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The Four Cs

Bush Administration Takes Aggressive Forest Thinning Measures

Calling it the "new environmentalism," the U.S. Interior Department Thursday issued guidelines for stewardship contracts that allow private companies and communities to keep forest and rangeland products in exchange for services such as thinning trees and brush and removing wood.

... the Bush administration last week moved to streamline the logging of national forests for fuel reduction. Agriculture Secretary Ann Veneman issued an interim final rule for a special administrative review process for hazardous fuel reduction projects in national forests.

The interim final rule is effective immediately, before the U.S. Forest Service has heard public comments, but the Service says it will accept comments from the public on the rule for 90 days.

Implementing the rule before the public has commented does not bother Secretary Veneman. "I am very proud of this quick response to implement the Healthy Forests legislation," she said. "A pre-decisional administrative review process will assist federal land managers in reducing hazardous fuels in high priority areas. We are implementing this legislation aggressively to lessen the impacts of wildland fires on communities and our natural resources."

... Interior Department Assistant Secretary Rebecca Watson, said Thursday, "Stewardship contracting will demonstrate a 'new environmentalism' - land stewardship based on partnerships and common ground rather than litigation and confrontation. It is part of a new culture of communication, cooperation, and consultation, in the service of conservation - a culture that Secretary Norton calls the 'Four C's.'"

Those four Cs are very interesting. They represent an appealing ideal of more democratic environmental stewardship. But none of them seem to be implemented very well in the Healthy Forests initiative -- in fact, they were cited as by proponents of the Healthy Forests bill as being exactly the problem they were trying to solve.

Communication: The article above notes that the stewardship contract system is being implemented before they've heard public comments on it. This sort of desire for haste was part of the rationale for Healthy Forests. President Bush said in an appearance this summer: "If somebody has got a different point of view, we need to hear it. This is America. We expect to hear people's different points of view in this country. But we want people to understand that we're talking about the health of our forests, and if there's a high priority, we need to get after it before the forests burn and people lose life." In other words, communication is nice, but with these fires threatening there's no time to sit around talking. (This same point could be extended to cooperation and consultation, as it's not entirely clear how to draw the line between the first three Cs).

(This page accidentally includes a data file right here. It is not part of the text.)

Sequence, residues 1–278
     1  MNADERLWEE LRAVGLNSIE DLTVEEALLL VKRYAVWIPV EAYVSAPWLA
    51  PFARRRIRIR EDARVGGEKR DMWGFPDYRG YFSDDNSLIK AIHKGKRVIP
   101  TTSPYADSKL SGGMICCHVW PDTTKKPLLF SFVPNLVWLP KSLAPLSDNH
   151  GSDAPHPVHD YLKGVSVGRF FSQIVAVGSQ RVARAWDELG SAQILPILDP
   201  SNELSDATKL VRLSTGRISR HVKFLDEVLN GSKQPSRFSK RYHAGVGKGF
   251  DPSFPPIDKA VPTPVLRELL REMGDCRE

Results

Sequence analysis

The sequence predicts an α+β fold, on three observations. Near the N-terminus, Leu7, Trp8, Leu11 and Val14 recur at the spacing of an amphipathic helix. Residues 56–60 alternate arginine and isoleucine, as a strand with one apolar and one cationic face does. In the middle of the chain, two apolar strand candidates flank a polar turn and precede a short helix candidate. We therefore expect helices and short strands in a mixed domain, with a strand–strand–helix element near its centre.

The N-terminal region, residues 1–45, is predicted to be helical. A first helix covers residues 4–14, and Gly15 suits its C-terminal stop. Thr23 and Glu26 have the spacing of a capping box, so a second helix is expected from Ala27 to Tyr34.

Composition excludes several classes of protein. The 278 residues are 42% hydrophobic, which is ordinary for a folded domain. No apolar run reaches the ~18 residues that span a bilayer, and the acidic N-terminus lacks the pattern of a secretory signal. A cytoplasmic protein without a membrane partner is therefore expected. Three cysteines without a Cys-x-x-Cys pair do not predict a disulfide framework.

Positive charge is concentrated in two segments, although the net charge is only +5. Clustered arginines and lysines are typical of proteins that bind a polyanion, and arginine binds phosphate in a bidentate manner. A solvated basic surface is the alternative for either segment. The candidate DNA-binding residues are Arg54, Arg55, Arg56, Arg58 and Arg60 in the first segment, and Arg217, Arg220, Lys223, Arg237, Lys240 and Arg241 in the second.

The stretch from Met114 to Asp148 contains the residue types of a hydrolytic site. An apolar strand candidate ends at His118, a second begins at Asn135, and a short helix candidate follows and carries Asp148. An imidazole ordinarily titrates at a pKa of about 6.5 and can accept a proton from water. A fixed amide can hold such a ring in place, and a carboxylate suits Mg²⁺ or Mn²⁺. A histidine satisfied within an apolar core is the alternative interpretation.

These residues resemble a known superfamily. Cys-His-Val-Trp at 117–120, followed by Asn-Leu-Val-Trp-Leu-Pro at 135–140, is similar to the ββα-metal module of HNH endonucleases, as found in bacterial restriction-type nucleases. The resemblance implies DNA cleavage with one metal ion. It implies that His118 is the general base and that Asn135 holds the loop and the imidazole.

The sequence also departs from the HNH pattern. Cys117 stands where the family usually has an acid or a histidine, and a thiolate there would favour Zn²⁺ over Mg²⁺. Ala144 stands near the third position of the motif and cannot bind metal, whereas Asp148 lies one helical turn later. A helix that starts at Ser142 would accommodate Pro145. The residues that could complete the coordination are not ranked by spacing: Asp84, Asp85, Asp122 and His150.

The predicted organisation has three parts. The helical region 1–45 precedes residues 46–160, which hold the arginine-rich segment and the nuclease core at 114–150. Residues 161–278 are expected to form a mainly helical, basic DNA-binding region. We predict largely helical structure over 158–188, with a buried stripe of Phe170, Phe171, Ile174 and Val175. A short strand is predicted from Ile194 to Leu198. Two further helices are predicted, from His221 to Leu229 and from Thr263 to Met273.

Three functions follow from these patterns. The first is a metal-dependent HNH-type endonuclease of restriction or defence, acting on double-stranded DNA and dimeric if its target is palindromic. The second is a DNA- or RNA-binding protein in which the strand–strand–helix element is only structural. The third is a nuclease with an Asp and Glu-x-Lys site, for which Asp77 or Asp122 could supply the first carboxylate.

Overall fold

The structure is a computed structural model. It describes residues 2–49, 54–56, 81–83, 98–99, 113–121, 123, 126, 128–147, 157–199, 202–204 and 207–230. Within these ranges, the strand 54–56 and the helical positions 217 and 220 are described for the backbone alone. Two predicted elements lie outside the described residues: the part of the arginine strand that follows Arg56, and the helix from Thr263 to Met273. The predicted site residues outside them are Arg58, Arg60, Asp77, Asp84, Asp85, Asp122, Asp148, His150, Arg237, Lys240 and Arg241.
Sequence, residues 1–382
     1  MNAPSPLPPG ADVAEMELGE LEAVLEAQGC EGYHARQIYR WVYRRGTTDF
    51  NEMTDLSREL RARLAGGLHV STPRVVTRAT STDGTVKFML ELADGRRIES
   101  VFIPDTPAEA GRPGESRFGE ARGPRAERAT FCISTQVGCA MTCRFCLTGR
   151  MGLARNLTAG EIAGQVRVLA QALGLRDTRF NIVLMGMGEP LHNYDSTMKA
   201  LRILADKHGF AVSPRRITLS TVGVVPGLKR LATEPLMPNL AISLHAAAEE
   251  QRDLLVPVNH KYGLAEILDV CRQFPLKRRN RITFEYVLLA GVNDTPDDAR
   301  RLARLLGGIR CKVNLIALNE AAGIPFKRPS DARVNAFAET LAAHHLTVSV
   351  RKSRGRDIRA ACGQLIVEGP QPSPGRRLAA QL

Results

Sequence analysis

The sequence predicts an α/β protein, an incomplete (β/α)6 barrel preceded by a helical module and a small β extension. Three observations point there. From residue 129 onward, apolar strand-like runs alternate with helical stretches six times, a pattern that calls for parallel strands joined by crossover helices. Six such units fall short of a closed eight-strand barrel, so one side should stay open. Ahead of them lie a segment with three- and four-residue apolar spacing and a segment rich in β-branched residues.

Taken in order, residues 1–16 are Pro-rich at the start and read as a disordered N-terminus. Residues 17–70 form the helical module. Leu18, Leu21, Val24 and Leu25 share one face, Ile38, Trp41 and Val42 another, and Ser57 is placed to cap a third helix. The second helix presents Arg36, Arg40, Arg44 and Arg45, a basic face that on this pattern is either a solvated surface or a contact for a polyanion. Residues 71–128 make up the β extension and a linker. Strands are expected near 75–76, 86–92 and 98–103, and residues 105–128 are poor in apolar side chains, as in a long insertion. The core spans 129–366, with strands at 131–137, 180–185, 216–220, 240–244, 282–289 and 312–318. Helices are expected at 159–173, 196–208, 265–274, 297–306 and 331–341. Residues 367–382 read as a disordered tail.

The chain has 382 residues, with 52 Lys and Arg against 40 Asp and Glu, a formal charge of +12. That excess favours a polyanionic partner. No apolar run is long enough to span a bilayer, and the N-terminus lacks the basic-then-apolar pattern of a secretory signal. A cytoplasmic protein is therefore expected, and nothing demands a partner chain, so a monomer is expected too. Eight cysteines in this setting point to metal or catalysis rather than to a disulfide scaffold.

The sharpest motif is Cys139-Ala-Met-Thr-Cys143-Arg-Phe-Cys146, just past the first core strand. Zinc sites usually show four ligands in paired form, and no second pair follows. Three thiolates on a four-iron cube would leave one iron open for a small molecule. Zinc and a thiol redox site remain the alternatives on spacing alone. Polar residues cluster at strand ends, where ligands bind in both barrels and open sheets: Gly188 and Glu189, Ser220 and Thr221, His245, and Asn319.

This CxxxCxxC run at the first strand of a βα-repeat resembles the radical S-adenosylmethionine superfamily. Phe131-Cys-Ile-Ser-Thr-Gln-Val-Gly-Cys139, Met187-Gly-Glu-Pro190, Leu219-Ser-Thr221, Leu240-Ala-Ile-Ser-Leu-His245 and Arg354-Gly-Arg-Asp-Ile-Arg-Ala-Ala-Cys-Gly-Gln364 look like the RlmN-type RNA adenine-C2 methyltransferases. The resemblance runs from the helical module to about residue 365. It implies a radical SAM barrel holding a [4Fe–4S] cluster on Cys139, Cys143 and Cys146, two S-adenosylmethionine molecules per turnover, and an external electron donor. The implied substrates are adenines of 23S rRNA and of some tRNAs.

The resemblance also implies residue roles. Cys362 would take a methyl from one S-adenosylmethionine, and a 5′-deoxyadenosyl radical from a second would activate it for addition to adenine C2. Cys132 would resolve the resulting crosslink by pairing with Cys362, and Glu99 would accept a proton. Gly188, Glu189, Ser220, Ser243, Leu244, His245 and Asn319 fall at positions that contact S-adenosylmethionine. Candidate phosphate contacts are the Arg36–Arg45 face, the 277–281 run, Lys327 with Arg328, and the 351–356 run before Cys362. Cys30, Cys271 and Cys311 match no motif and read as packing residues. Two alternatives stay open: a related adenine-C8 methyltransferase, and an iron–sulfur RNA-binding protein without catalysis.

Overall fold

Cooperation: One of the key provisions of the Healthy Forests law is to reduce the scope for public challenges to fuel reduction projects. Certainly it will reduce the amount of overt conflict over management decisions. But cutting one party out of a decision is not the same as cooperating. Indeed, it reduces the cooperativeness of the final outcome because the Forest Service doesn't have to take citizens' views into account to as great a degree in drawing up the plan because unsatisfied citizens can't effectively complain through the courts.

Consultation: The opposition to consultation is a bit subtle. The Healthy Forests act directs judges hearing challenges to take into account the long-term health of the forest. Phrased that way it sounds fairly benign, but what it does is to 1) give the benefit of the doubt to the party proposing fuel reduction, and 2) establish by fiat what the management priorities will be. This sort of move isn't in and of itself bad -- it's at the heart of many environmental regulations -- but it is anti-consultative. It takes us away from what Habermas calls the "ideal speech situation," in which all parties have an equal opportunity to participate in setting the agenda.

Conservation: Environmentalists recieved substantial blame for the poor condition of the nation's forests. An irrational dedication to preserving the environment (particularly endangered species), they said, was at the root of the barriers placed in the way of fuel reduction, and hence was responsible for out-of-control fires that threatened lives and property. Granted, some people made the case (erroneous, in my view, given the actual extent of environmentalist obstructionism and the impacts of mechanical fuel reduction) that fuel reduction is in the long-term best interests of nature. But the dominant framing drew on the idea that environmentalists care more about nature than about people.


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